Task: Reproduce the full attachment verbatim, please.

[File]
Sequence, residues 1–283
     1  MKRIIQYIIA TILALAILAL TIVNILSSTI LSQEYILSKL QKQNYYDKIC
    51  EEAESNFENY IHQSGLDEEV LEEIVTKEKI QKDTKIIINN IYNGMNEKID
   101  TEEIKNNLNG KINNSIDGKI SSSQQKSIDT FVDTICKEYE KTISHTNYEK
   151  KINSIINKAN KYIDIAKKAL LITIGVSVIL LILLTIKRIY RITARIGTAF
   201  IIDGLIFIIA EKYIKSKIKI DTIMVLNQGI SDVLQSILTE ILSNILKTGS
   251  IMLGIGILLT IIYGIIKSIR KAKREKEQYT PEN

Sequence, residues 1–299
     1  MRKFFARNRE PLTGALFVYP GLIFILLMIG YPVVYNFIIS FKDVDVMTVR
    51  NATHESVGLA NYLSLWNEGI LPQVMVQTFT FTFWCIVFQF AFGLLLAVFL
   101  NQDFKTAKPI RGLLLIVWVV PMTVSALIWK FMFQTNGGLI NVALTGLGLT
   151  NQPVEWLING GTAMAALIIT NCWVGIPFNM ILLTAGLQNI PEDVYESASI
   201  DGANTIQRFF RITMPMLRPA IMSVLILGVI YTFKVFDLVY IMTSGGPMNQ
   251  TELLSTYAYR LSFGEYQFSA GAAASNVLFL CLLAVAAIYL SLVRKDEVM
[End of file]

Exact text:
Sequence, residues 1–283
     1  MKRIIQYIIA TILALAILAL TIVNILSSTI LSQEYILSKL QKQNYYDKIC
    51  EEAESNFENY IHQSGLDEEV LEEIVTKEKI QKDTKIIINN IYNGMNEKID
   101  TEEIKNNLNG KINNSIDGKI SSSQQKSIDT FVDTICKEYE KTISHTNYEK
   151  KINSIINKAN KYIDIAKKAL LITIGVSVIL LILLTIKRIY RITARIGTAF
   201  IIDGLIFIIA EKYIKSKIKI DTIMVLNQGI SDVLQSILTE ILSNILKTGS
   251  IMLGIGILLT IIYGIIKSIR KAKREKEQYT PEN

Sequence, residues 1–299
     1  MRKFFARNRE PLTGALFVYP GLIFILLMIG YPVVYNFIIS FKDVDVMTVR
    51  NATHESVGLA NYLSLWNEGI LPQVMVQTFT FTFWCIVFQF AFGLLLAVFL
   101  NQDFKTAKPI RGLLLIVWVV PMTVSALIWK FMFQTNGGLI NVALTGLGLT
   151  NQPVEWLING GTAMAALIIT NCWVGIPFNM ILLTAGLQNI PEDVYESASI
   201  DGANTIQRFF RITMPMLRPA IMSVLILGVI YTFKVFDLVY IMTSGGPMNQ
   251  TELLSTYAYR LSFGEYQFSA GAAASNVLFL CLLAVAAIYL SLVRKDEVM